Foreign investors have the option of registering a Thai Limited Company with either Thai or foreign majority ownership. A Thai Limited Company with Thai majority ownership does not require a Foreign Business License (FBL), while a Thai Limited Company with foreign majority ownership is required to have an FBL before starting operations in Thailand.
Additionally, the US-Thai Treaty of Amity provides significant advantages for US corporate and individual investors to set up companies in Thailand. This Treaty of Amity allows US nationals to either enjoy the majority of shares or all shares of a Thai limited company or establish a Branch Office or Representative Office in Thailand without needing to apply for a Section 17 Foreign Business License. US nationals are also exempt from most restrictions of foreign investment under the Foreign Business Act of 1999.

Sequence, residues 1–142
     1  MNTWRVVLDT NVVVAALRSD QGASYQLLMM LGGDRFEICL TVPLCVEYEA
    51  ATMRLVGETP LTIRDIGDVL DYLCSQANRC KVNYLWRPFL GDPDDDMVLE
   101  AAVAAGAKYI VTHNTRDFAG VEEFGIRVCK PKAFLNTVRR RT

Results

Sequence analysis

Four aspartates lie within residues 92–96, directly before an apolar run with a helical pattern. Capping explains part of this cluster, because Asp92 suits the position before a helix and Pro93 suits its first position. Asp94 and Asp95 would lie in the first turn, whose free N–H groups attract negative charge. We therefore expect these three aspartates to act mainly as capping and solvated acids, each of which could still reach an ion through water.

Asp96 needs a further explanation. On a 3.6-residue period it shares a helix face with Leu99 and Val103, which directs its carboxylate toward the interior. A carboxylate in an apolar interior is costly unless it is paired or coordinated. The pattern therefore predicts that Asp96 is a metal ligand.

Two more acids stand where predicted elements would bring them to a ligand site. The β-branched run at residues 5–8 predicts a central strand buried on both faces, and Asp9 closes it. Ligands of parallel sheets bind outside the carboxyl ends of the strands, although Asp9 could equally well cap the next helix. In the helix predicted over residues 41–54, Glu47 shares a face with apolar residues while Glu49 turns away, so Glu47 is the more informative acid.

Furthermore, the Board of Investment (BOI) provides investment incentives to foreign and local entrepreneurs who wish to engage in agency-promoted activities. Businesses that meet the set criteria by the BOI are eligible for BOI promotion.
Requirements for Company Registration Thailand
According to the Thailand Board of Investment (2015), the following requirements must be met for company registration in Thailand:
- The company must have at least 3 natural persons as promoters who are at least 21 years old and legally eligible to act on behalf of the company. Promoters must hold an equal share of the company, which can be transferred to others after registration.
- The company’s head office must be located in Thailand, and a copy of the house registration number and landlord’s Letter of Consent must be provided.
- Foreign businesses operating in non-restricted industries must have a minimum registered capitalization of 2 million baht and 3 million baht for those in restricted industries under the Foreign Business Act. These requirements do not apply to Thai-owned companies.
- A memorandum of association must be filed with the application and a statutory meeting must be convened.